I've also uploaded a pic of my disk management. LIFE-XP (E) is my old but still active XP internet and work partition and COLD STORAGE (D) is just a small partition which was my old XP studio but now has a fresh XP 64 bit installation. Quite honestly i'd like to do away with D but i don't want to risk mucking around with partitions anymore haha.



Next exciting episode of "the booting dead"........

I found this:

....and now i have the entry in the BCD that i can click................

......but when it reboots to load this XP partition, it says it can't load it as its missing some files, namely the ntldr



Excellent Member
Microsoft Community Contributor
I will have to go back and refresh my memory concerning Windows XP. But the BCD store will have a legacy boot loader which will point to the Active partition. There are three files needed in the active partition, and they are ntldr, boot.ini, and ntdetect.com.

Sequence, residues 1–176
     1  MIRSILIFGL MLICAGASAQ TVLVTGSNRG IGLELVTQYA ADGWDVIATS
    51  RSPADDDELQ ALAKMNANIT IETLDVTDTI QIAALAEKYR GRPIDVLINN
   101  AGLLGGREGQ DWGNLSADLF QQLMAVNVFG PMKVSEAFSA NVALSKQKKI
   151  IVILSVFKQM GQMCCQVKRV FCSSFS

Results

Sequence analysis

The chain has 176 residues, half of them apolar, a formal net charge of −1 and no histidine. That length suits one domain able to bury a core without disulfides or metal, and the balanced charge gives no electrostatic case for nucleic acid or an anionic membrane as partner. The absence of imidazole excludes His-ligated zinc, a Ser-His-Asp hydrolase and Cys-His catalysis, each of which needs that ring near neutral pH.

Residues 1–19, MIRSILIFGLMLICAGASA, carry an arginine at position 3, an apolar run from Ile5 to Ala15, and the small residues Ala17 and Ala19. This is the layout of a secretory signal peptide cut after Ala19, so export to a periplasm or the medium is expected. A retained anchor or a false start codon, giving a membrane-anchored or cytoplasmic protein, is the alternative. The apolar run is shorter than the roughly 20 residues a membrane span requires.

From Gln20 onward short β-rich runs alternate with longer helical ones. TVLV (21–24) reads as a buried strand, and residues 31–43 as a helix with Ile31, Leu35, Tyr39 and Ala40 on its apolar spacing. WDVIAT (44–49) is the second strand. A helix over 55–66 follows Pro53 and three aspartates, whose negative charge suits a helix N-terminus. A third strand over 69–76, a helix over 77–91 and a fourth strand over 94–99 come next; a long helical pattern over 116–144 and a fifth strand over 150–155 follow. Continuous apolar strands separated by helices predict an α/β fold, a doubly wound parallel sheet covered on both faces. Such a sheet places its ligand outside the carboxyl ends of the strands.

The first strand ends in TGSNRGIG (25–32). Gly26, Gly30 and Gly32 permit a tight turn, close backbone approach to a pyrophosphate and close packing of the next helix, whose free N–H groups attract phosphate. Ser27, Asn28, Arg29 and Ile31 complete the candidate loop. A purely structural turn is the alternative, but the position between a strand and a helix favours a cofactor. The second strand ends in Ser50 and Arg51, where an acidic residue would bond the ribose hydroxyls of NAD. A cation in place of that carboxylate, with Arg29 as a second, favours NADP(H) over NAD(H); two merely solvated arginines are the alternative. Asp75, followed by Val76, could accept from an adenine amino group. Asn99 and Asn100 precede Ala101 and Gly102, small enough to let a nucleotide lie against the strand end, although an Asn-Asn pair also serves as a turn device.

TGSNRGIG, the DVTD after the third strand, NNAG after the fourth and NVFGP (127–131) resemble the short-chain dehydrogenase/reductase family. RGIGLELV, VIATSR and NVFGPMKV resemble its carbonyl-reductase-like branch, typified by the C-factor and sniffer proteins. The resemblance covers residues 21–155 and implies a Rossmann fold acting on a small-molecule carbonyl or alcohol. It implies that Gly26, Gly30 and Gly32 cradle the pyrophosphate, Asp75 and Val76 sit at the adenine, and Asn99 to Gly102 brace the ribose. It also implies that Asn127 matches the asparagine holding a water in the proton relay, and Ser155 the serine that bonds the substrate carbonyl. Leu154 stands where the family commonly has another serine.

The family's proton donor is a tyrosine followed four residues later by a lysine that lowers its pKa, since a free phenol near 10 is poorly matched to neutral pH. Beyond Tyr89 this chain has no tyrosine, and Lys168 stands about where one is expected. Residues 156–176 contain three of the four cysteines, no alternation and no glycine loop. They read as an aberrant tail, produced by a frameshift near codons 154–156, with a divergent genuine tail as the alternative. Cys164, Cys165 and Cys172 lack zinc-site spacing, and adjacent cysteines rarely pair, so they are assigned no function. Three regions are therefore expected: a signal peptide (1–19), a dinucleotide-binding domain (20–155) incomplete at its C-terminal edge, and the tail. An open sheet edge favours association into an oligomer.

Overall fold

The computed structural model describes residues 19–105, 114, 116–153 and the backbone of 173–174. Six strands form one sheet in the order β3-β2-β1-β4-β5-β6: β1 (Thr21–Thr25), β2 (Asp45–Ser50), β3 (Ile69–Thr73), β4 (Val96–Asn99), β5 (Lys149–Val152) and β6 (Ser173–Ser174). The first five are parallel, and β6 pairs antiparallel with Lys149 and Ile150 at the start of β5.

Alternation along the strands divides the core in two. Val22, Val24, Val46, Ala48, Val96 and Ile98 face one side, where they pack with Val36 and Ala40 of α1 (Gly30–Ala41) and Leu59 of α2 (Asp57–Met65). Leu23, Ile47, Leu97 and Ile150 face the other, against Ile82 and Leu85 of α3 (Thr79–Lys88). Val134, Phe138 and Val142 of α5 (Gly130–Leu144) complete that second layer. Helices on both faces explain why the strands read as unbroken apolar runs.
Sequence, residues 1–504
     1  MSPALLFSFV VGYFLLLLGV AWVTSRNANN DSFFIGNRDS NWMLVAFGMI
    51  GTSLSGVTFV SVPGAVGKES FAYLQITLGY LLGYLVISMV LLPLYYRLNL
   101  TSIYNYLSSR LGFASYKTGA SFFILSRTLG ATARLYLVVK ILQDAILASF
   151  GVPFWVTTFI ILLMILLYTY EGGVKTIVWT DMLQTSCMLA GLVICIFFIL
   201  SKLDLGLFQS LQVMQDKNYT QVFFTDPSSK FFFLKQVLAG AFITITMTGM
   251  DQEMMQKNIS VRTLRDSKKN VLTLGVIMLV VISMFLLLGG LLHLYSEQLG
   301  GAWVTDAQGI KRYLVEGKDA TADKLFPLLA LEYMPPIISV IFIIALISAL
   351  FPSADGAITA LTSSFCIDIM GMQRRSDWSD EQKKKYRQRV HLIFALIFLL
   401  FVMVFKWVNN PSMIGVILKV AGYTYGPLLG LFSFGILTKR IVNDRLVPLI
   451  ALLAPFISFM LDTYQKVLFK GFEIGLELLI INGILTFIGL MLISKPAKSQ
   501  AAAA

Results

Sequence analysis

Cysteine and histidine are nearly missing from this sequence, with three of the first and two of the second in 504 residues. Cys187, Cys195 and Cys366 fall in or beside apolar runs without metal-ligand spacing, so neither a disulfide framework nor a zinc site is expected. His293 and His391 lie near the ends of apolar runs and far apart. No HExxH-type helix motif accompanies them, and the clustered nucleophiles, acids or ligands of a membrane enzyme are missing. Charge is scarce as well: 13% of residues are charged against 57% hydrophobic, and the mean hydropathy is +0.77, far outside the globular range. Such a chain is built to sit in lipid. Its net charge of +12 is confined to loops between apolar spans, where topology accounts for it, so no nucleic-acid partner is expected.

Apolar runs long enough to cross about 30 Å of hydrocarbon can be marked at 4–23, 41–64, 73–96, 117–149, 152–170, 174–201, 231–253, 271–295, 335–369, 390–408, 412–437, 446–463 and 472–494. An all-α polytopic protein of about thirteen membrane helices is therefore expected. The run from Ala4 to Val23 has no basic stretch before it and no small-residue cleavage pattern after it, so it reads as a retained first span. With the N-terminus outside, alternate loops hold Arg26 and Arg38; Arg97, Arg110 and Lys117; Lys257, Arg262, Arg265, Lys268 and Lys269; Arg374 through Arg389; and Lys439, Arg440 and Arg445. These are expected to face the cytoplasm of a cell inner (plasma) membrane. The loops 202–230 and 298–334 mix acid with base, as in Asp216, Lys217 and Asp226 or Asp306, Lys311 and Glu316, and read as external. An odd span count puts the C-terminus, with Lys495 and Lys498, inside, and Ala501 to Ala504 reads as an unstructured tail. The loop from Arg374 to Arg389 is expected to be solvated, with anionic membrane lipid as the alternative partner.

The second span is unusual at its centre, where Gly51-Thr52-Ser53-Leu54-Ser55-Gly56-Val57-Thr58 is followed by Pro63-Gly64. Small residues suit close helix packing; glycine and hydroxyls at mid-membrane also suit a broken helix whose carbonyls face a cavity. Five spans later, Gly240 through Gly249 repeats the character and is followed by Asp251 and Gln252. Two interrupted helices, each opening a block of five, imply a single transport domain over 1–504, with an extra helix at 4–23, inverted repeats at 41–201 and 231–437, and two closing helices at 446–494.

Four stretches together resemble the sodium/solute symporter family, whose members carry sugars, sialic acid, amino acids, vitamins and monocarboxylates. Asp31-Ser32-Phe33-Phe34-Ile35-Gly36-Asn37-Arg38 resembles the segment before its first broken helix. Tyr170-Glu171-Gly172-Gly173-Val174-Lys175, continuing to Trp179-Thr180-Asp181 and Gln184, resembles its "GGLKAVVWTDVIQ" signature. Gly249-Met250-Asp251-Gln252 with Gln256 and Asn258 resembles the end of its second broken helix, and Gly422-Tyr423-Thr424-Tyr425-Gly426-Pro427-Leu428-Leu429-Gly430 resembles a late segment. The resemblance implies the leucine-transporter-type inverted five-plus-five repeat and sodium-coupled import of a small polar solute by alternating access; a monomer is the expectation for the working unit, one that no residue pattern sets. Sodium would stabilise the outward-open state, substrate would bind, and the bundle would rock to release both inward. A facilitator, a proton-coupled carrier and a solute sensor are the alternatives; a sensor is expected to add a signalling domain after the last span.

Anyway, the boot loaded will point there and the boot.ini will point to the actual XP partition. I have some examples but need to find them.

Since you do not have the Legacy Boot loader in your BCD store, you will need to use Bcdedit to add it or use EasyBCD.

Last edited:
OK cool, I don't want to buy easybcd as I've just spent a fortune on upgrading software and hardware in my studio.

How do I go about using bcdedit to add the legacy loader please?

Currently I'm trying to use my xp 64 bit cd to access the recovery console so I can try a few things but it doesn't recognise my admin password even though I reinstalled only yesterday and made note of the password I used during install. Aaaaaaaaaaaah haha